Within the next few weeks, I will be inhaling more novels, information, and hopefully some rest, as I continue to plan for Camp NaNoWriMo. At this point, I would like to hit 50K if possible, or write until the manuscript is complete. Whether or not my time or life will allow that, will be better determined throughout the course of April. The minimum goal I plan to set is 30K though. I’d like to write at least 1K a day, and then if I need to, complete the manuscript in May. As of right now, that is where I’m at in the writing process of what will hopefully be my debut novel.

With that being said, throughout the course of April, some Friday writing posts will include updates on my progress throughout Camp NaNo, what I’m learning from it, etc.

So, that’s about it for today. This post is a bit more informal than what I normally write, but NaNoWriMo is just that, so I figured I’d follow suit.

If you’re reading this, are you participating in Camp NaNo? Have you heard of it? Let me know down below in the comments if you like. Thank you for reading!

Until next time,

T.J.

Little & Lion: A Book Review

Siblinghood and social stigmas are at the core of this novel, which was woven together with a deft hand by Brandy Colbert. From the synopsis alone, I was drawn in. The entire book itself, however, kept me hooked from start to finish.

Little & Lion by Brandy Colbert is the story of Suzette, or Little, who has returned home from boarding school for the summer. There, she reconnects with her friends, as well as the rest of her family. However, her brother Lionel, or Lion, is less than receptive upon her arrival, as well as struggling with his mental health. Through a series of events, she is hurtled back into the world of watching over her older brother, as well as spending time with others that she had been made to leave behind. Along the way, she begins to question her identity, as she finds herself feeling romantic intentions for not just a boy, but also a girl. A girl who Lionel just happens to be falling for too.

While this happened to be a last minute addition to my February TBR, I am thrilled that I chose to delve into it sooner rather than later. This book is not what I expected but in all of the right ways. Suzette is a wonderful MC, who is smart as well as compassionate. Her relationship with her brother is a foundational part of the book, which I found to be a well laid one. Along with the parents that these step-siblings share, this was a realistic depiction of family, and what it means to be a familial unit.

As for the story itself, I thought it ebbed and flowed well. Each scene added something to the story, including the flashbacks that are peppered throughout the book. Coupled with the concise writing, and well-portrayed discussions regarding various topics such as racism, mental health, and being bisexual, all made this a joy to read.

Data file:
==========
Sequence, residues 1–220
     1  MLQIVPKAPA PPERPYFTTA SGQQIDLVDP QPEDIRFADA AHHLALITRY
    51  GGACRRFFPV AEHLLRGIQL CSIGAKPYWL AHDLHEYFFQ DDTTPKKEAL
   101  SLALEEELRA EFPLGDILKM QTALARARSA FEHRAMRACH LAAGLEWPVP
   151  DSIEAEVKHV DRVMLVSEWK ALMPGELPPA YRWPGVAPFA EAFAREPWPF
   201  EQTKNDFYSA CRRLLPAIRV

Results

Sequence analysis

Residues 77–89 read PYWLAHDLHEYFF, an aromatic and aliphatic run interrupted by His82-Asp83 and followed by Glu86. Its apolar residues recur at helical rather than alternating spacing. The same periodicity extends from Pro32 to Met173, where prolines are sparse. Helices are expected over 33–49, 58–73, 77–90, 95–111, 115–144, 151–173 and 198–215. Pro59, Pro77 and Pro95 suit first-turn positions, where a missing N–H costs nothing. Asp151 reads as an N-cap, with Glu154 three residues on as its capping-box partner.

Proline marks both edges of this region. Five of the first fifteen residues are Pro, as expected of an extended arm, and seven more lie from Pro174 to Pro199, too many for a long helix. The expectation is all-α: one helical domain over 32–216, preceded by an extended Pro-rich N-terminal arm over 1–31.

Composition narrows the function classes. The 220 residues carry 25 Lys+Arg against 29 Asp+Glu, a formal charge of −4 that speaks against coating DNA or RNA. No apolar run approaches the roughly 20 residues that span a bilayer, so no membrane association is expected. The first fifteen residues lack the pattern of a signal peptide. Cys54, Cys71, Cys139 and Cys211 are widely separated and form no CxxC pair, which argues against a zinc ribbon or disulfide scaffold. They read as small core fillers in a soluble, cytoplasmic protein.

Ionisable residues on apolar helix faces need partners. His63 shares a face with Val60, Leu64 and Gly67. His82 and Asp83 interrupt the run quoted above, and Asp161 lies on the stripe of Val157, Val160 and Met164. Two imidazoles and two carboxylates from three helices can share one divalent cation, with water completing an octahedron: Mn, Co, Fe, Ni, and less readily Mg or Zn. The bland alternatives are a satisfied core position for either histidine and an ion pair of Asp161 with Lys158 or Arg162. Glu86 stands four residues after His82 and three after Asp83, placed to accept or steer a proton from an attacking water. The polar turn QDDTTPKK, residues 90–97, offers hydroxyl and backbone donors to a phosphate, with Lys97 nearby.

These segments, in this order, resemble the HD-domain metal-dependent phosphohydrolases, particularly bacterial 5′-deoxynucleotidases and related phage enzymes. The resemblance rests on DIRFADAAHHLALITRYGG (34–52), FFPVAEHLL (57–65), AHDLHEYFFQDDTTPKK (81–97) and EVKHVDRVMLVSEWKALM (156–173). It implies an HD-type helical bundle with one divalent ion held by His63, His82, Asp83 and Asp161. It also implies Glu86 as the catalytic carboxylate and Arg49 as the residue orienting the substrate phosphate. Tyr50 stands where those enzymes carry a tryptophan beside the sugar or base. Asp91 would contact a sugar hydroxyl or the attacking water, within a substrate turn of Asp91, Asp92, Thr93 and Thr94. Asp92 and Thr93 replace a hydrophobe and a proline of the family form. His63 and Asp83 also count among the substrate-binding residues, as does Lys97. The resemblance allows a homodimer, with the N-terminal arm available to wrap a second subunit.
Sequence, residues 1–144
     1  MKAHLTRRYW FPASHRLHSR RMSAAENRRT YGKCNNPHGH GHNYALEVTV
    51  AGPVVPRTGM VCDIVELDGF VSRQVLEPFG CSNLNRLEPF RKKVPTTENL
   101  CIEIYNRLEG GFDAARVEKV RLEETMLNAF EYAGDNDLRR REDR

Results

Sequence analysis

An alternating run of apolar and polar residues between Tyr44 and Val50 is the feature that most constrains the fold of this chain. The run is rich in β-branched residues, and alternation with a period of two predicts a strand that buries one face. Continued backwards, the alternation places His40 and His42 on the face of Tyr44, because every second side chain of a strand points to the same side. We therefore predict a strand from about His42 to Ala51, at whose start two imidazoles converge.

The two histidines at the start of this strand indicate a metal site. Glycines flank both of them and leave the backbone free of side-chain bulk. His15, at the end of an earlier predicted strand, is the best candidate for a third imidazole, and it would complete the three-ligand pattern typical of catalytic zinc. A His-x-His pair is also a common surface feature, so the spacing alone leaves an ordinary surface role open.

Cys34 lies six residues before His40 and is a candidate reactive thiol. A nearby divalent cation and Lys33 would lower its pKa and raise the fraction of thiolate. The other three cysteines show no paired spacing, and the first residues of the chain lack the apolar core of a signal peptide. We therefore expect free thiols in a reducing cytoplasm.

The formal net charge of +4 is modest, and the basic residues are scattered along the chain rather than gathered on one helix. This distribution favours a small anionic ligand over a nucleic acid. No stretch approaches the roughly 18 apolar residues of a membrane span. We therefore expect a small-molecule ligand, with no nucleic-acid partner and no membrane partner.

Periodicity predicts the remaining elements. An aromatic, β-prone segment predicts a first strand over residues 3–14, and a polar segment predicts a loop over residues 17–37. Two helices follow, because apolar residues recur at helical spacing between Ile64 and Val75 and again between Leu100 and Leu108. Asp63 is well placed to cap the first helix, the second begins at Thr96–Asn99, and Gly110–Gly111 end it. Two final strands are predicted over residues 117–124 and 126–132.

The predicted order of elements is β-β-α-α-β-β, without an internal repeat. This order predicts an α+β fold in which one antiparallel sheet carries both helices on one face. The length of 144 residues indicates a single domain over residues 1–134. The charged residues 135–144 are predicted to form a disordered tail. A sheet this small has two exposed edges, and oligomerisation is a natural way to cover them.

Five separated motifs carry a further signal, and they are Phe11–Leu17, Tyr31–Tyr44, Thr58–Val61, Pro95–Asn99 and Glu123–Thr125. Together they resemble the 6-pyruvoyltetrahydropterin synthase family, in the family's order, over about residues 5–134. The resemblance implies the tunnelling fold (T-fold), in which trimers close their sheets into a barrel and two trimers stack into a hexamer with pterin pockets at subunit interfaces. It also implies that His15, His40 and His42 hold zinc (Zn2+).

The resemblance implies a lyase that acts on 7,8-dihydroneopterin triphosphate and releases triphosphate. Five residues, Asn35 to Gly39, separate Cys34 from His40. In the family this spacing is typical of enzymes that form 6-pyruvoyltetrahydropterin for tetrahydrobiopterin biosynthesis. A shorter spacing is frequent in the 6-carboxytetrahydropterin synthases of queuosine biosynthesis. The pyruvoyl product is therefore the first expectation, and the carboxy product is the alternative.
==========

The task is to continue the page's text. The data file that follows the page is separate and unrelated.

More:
With regard to the pansexual representation displayed in this book, despite what I have read in other reviews to the contrary, I as a pansexual individual enjoyed it. Art truly does imitate life. Therefore, not every LGBT+ person in a book has to be a decent human being. Does that represent every single person of that group? Hell no. So, with that being said, it stands to reason that there will be characters who are LGBT+ that are not the greatest as well. That does not necessarily mean a writer is villainizing that subset of sexual preference, but more so just being accurate to the world as a whole.

On a different note, as far as the mental health representation goes, I cannot wholly speak for it, because I do not have any form of bipolar. However, as I have anxiety, certain points really stuck with me, and I felt that they were conversations that need to be heard.

In that same vein, I am neither Jewish, as Suzette and her family are, nor African American, as the main character is. However, it was interesting to see this intersection. I loved reading about this character’s experience with it, as it was enlightening.

Concerning the “emotional” love triangle that develops, though I am not usually a fan of these, I felt this one was well placed. Suzette is at a point where she is figuring out who she is, and in life, these types of situations can happen as a result. As someone who is attracted to “everyone”, I understood her misgivings as she wonders whether or not it is even possible, and if so, how does one choose between one or another? The end result of this plotline of the book as a whole, in my humble opinion, was also a feasible possibility that was not meant to denigrate any single sexual orientation, but rather emulate one life path choice.